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About Sickkids
About SickKids

November 19, 2009

Asthma found to play a significant role in children developing H1N1 complications

TORONTO - If your child has asthma, a new study shows you should be extra vigilant in making sure they don’t get H1N1. Researchers from The Hospital for Sick Children (SickKids) found a higher percentage of asthmatic children were hospitalized due to H1N1 compared to the seasonal flu.

The paper, published online today in the Canadian Medical Association Journal (CMAJ), is one of the largest studies on this topic in children to date. The scientists looked at charts from H1N1 patients who were admitted to SickKids from May to July of this year and compared information from season flu patients who were admitted over the last five years.

They found 22 per cent of children admitted with H1N1 had asthma compared to six per cent of patients admitted with seasonal flu. They also found that just over 40 per cent of all H1N1 admissions to the ICU were for children with asthma.

Interestingly, children admitted with H1N1 were found to be older than those admitted for seasonal flu, with significantly more over the age of five. The length of stay for both types of flu was found to be roughly the same; the average was four days.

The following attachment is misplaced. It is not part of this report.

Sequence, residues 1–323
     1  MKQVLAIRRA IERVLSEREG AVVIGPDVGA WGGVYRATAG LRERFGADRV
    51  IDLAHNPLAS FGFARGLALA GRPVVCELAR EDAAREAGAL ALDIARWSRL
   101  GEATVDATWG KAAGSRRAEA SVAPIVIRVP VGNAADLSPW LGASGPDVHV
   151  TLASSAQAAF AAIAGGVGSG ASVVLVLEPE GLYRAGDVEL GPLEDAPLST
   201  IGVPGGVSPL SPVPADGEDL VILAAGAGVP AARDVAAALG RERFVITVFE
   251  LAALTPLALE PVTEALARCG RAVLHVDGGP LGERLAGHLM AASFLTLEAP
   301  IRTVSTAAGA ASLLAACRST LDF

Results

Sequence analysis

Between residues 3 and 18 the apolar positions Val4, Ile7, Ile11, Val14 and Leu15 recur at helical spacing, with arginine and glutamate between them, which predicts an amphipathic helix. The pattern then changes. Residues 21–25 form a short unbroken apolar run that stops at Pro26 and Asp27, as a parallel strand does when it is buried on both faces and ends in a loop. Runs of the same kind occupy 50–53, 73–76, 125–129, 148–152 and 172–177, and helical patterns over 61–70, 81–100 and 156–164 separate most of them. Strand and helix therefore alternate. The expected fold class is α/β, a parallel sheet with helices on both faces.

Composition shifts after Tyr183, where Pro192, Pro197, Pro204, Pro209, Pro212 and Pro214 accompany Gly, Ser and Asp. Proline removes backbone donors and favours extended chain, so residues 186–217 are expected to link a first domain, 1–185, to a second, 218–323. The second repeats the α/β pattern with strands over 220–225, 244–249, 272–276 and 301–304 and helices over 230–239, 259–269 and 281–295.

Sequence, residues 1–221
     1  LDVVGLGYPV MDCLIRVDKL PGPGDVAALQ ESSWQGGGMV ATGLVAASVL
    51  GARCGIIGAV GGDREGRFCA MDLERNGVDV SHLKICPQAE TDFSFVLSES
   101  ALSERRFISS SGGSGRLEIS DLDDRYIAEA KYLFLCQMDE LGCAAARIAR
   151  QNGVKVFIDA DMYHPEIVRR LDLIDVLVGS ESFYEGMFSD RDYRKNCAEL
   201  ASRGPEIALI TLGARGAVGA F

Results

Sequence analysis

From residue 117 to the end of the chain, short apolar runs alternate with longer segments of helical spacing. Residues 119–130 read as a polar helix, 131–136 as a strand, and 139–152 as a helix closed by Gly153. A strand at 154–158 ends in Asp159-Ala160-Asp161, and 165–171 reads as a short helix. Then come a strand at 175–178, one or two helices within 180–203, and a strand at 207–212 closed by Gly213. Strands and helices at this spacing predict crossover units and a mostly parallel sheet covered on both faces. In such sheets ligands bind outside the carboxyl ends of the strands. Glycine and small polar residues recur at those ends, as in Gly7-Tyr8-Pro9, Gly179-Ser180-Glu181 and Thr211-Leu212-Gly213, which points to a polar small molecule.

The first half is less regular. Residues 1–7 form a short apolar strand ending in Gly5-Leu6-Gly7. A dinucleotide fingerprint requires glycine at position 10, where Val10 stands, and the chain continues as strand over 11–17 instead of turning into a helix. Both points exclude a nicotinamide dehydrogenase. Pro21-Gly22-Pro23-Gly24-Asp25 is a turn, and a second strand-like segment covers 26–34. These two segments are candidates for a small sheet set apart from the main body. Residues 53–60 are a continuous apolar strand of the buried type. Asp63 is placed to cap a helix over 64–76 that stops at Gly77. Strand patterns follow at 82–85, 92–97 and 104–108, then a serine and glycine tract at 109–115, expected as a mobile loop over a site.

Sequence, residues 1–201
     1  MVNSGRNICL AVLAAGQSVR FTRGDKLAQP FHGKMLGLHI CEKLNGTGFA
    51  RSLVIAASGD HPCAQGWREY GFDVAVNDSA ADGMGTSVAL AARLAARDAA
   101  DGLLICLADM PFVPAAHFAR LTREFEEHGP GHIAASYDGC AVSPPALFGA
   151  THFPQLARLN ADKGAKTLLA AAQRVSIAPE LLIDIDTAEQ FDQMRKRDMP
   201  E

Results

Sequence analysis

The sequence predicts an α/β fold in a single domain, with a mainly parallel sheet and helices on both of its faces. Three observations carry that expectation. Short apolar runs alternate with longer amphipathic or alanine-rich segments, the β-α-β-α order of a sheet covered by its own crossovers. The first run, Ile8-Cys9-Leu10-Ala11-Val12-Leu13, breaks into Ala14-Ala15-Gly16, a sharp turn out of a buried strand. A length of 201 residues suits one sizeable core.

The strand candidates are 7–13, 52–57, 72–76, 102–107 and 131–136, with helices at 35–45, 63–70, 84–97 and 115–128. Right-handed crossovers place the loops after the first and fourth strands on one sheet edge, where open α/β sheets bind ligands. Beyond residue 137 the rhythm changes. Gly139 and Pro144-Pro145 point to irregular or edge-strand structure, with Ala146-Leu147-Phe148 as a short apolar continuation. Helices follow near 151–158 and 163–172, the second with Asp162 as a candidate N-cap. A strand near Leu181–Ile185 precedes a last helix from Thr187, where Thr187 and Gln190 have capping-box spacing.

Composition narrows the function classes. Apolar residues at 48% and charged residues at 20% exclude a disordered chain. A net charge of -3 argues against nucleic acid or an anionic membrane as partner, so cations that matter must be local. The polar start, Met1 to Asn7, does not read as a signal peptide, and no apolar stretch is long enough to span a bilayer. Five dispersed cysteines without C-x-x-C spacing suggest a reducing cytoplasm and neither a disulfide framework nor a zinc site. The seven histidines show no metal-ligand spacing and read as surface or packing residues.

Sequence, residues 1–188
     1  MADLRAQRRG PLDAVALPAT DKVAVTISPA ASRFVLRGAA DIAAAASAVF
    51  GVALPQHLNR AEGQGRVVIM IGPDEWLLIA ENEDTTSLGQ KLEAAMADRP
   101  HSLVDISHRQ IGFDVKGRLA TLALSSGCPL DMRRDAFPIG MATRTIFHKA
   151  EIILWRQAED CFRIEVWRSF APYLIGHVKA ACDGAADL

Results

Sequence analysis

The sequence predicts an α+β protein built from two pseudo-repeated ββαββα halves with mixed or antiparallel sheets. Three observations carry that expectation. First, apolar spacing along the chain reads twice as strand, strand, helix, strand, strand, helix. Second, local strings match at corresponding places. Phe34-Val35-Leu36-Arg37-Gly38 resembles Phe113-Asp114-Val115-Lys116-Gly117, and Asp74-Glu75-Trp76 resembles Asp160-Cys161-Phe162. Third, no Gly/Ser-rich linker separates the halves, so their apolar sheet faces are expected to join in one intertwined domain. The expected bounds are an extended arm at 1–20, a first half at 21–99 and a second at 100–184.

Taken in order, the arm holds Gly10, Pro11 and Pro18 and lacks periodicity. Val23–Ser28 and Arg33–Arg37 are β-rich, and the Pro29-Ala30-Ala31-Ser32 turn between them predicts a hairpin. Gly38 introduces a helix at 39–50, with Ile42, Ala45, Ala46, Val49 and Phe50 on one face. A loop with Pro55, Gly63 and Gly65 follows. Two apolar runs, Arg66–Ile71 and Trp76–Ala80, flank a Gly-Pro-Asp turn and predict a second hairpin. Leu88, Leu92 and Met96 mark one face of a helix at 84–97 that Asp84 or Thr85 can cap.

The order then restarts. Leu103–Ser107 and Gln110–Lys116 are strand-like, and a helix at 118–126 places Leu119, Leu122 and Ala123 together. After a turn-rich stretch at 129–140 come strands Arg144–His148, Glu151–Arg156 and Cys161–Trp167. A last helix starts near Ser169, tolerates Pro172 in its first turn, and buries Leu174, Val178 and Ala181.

“There are few published studies that compare H1N1 to seasonal flu with specific focus on the severity of asthma or the clinical course and outcomes of children with asthma.” says Dr. Dat Tran, Associate Scientist at SickKids and Assistant Professor of Paediatrics at the University of Toronto. “Our experience suggests that asthma is a more significant risk factor for severe pandemic H1N1 influenza than for seasonal influenza and that children with mild asthma are also at risk”.

In terms of severity of the two types of flu, the study shows none of the children admitted with pandemic influenza died, compared to one death over five years in children admitted for seasonal flu.